Globular clusters are spherical collections of stars, tightly bound to each other by their mutual gravity. Relics of the early years of the Universe, with ages of typically 12–13 billion years (the Big Bang took place 13.7 billion years ago), there are roughly 150 globular clusters in the Milky Way and they contain many of our galaxy’s oldest stars.

But while the stars are old and the clusters formed in the distant past, astronomers using the MPG/ESO 2.2-metre telescope and the NASA/ESA Hubble Space Telescope have found that some of these clusters are still young at heart. The research is presented in the 20 December 2012 issue of the journal Nature.

“Although these clusters all formed billions of years ago,” says Francesco Ferraro (University of Bologna, Italy), the leader of the team that made the discovery, “we wondered whether some might be aging faster or slower than others. By studying the distribution of a type of blue star that exists in the clusters, we found that some clusters had indeed evolved much faster over their lifetimes, and we developed a way to measure the rate of aging.”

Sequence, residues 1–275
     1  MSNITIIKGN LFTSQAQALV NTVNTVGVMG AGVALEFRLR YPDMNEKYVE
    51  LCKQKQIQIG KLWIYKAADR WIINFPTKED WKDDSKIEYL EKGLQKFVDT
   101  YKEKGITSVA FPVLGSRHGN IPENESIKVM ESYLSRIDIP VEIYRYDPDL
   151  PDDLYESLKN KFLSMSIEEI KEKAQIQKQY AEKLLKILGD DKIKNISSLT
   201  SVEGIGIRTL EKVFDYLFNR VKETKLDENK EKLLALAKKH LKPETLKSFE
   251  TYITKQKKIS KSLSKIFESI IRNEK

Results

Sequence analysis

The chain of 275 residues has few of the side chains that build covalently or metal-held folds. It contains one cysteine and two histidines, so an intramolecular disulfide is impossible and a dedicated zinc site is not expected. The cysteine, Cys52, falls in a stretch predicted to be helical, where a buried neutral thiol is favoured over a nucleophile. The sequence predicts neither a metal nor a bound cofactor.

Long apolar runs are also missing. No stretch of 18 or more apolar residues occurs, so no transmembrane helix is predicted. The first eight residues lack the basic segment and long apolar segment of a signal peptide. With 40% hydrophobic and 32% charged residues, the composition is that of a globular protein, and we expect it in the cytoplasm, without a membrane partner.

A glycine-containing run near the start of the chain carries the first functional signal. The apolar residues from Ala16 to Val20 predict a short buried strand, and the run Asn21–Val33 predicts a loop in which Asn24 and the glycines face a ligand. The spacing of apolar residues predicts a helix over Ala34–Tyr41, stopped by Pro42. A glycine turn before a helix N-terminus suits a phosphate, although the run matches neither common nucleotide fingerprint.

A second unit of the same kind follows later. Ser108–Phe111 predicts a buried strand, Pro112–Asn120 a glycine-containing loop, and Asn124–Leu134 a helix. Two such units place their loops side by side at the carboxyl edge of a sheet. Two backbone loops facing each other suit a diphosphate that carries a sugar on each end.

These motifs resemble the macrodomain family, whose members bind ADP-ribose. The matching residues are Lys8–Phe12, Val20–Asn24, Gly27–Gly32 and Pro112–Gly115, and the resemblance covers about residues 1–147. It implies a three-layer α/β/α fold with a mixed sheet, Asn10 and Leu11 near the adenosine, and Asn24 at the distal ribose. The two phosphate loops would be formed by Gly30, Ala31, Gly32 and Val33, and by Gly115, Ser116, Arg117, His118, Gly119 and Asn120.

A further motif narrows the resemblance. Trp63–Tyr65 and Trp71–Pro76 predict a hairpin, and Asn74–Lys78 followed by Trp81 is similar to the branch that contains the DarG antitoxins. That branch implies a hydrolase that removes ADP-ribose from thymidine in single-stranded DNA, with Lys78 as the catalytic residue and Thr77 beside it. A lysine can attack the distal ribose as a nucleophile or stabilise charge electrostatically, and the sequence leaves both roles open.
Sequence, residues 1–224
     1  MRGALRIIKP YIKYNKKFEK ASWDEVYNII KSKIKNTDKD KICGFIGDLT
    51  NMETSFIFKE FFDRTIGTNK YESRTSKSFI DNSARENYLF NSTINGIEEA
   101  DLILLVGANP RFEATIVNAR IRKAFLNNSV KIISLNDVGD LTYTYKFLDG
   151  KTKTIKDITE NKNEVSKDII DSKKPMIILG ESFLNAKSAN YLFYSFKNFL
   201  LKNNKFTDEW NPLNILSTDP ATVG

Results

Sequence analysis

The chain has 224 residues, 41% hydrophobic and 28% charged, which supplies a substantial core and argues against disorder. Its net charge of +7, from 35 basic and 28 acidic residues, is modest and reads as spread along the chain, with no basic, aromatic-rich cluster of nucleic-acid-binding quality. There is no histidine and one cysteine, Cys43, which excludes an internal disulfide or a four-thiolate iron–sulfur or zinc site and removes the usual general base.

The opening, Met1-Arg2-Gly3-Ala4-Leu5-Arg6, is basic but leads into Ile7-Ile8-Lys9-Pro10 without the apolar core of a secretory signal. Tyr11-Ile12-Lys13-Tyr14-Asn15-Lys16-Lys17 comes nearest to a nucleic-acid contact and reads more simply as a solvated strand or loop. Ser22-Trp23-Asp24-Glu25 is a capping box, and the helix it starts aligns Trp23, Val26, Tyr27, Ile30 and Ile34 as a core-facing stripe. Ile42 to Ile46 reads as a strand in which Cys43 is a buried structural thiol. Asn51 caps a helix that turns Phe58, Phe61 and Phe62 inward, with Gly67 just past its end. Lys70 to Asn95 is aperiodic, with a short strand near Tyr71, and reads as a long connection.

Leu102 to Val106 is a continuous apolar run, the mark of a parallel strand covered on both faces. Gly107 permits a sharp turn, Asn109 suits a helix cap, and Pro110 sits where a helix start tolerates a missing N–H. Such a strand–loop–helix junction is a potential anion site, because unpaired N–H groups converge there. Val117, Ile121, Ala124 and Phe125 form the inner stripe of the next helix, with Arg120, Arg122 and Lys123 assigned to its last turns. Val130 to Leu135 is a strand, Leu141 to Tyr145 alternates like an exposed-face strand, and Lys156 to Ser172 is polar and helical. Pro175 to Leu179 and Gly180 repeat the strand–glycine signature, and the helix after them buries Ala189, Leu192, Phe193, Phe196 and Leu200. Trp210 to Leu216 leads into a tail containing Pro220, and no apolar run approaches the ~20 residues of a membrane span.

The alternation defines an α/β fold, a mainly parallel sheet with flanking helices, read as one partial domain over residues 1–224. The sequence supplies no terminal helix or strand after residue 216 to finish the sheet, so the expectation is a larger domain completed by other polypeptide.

Full Story:http://www.eso.org/public/news/eso1252/
Also: http://www.spacetelescope.org/news/heic1221/

Exploding Star Missing From Formation Of Solar System

December 22, 2012 Leave a comment

A new study published by University of Chicago researchers challenges the notion that the force of an exploding star prompted the formation of the solar system.

In this study, published online last month in Earth and Planetary Science Letters, authors Haolan Tang and Nicolas Dauphas found the radioactive isotope iron 60 — the telltale sign of an exploding star—low in abundance and well mixed in solar system material. As cosmochemists, they look for remnants of stellar explosions in meteorites to help determine the conditions under which the solar system formed.

They discovered that levels of iron 60 were uniform and low in early solar system material. They arrived at these conclusions by testing meteorite samples.

Full Story: http://news.uchicago.edu/article/2012/12/14/exploding-star-missing-formation-solar-system